The unconvincing gorilla suit was a staple of stage and screen dating back to at least the late 19th Century.
Need an exotic menace for an old dark house? Someone to send a slapstick ensemble into a state of comedic terror? A zany bit of zest for a struggling sitcom? Just throw someone with the right dimensions and pantomime chops into a tatty looking ensemble of faux fur, visible eyeholes, and disturbing pleather plates representing the chest and abs of the Grade Z ape.
That such a sorry assemblage could be a thing of wonder of menace might seem like a mystery, but the short answer is “because audiences were acclimated towards accepting it,” — at least up until the second half of the 1960s, when the astounding practical effects in Planet of the Apes and 2001 brought the simulated ape game to a whole new level.
Old school gorilla suits hung on in comedic circles for a while longer, though even those had embraced the new technology by the dawn of the 1980 outside everything except low grade kiddie fare and the deliberate affectations of Jim Henson’s workshop.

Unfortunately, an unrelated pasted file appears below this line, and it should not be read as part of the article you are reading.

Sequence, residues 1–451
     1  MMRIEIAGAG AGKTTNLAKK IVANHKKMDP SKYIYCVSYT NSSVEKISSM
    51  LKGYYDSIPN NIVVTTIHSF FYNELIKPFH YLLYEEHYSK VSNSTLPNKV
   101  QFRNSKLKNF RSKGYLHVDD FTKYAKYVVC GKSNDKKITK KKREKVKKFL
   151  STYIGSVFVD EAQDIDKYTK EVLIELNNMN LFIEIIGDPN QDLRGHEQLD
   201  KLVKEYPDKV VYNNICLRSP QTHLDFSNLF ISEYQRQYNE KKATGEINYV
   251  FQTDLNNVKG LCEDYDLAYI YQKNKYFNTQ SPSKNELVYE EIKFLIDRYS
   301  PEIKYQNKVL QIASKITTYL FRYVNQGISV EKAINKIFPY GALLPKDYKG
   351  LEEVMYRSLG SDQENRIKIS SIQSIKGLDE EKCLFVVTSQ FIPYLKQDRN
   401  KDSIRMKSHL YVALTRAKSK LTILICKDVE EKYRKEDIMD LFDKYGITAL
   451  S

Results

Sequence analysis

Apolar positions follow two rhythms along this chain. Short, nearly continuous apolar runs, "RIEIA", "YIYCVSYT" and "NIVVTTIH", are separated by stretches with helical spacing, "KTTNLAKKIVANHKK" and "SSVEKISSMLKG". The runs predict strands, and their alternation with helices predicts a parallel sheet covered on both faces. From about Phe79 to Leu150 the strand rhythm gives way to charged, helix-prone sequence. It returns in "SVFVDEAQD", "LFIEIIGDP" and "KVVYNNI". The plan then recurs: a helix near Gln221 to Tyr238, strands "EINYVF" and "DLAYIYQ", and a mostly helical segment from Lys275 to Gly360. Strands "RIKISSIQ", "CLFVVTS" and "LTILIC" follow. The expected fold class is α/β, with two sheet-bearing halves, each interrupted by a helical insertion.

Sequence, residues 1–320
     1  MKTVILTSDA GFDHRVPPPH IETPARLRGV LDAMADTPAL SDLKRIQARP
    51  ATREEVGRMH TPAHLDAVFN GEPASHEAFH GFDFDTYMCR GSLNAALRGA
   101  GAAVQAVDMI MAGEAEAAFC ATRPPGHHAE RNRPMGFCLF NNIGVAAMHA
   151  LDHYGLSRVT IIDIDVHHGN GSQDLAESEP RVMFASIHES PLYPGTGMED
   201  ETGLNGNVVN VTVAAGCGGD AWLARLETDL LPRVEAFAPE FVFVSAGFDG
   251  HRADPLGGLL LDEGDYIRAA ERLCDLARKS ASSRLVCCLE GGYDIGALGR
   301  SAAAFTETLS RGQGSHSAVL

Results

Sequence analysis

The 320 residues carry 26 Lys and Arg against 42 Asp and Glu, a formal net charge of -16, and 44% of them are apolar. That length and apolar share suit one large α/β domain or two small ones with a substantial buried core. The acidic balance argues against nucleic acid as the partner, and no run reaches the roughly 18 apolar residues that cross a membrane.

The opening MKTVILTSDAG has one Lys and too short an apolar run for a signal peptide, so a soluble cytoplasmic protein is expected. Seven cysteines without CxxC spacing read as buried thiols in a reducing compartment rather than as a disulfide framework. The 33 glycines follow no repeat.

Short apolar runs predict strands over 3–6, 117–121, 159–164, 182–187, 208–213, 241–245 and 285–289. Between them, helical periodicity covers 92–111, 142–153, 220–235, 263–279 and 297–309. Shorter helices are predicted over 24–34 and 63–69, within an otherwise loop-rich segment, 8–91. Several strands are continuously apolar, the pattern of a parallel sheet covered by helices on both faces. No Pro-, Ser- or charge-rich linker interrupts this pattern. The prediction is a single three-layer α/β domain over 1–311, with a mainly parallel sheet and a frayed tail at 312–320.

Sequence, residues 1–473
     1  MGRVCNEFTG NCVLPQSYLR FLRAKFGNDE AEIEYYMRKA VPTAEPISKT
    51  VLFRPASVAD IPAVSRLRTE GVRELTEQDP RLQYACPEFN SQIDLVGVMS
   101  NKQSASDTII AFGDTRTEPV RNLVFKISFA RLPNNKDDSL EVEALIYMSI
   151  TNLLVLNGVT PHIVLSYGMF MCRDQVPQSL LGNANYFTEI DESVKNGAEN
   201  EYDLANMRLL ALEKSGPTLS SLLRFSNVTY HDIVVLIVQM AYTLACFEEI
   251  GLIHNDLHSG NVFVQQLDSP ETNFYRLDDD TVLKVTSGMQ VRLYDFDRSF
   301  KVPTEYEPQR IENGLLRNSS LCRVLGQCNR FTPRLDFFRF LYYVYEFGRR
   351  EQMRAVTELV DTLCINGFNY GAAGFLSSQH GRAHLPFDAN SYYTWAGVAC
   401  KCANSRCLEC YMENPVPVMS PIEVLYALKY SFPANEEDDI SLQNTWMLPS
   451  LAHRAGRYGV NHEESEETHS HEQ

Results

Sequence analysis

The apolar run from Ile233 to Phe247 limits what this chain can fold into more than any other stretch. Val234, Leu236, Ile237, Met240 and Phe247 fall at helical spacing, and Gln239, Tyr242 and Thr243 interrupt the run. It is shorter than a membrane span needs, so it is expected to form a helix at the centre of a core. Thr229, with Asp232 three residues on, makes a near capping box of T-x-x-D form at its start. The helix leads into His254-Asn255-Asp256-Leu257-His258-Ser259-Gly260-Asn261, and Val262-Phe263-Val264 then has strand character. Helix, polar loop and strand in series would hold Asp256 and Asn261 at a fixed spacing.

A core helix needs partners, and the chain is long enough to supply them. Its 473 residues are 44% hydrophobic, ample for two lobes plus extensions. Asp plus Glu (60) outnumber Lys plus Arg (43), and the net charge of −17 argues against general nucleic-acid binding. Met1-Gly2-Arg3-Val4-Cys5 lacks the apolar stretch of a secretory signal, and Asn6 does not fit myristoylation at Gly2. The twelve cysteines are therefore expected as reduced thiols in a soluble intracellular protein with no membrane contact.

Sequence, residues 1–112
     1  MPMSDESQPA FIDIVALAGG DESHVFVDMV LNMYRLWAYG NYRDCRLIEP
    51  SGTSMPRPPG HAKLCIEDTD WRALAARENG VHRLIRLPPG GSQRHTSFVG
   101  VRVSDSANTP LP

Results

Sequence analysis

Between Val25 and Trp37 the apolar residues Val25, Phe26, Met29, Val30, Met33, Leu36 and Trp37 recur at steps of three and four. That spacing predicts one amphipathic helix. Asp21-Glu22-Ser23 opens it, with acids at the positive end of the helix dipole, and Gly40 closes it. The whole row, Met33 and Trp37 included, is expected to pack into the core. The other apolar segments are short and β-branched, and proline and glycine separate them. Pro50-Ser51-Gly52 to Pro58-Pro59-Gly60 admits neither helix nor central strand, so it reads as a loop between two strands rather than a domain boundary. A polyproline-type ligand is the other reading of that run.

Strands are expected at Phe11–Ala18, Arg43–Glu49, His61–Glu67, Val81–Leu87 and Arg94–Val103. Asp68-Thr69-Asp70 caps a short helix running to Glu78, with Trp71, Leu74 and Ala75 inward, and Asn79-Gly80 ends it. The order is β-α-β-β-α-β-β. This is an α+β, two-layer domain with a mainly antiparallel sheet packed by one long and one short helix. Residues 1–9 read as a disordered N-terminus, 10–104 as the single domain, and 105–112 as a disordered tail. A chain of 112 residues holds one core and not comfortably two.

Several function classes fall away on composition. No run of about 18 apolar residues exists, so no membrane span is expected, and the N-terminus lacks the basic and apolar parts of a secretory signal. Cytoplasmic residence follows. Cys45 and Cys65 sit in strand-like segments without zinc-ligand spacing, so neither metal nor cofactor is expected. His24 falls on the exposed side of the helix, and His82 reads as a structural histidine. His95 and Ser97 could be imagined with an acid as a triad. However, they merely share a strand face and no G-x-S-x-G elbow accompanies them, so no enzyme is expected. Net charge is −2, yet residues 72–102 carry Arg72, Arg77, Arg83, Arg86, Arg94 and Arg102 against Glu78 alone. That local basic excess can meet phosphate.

That’s why I was both delighted and surprised to discover that “Hatred Unto Death,” the main segment of the final Night Gallery episode, served up a classic simulated simian in May 1973.
Because nothing screams “terror” like a creature you’d normally see swooning over Mrs. Howell’s perfume, chasing around the crew of the Seaview, or trying to talk Serena into changing him back into Darrin Stephens again before Samantha gets home from shopping.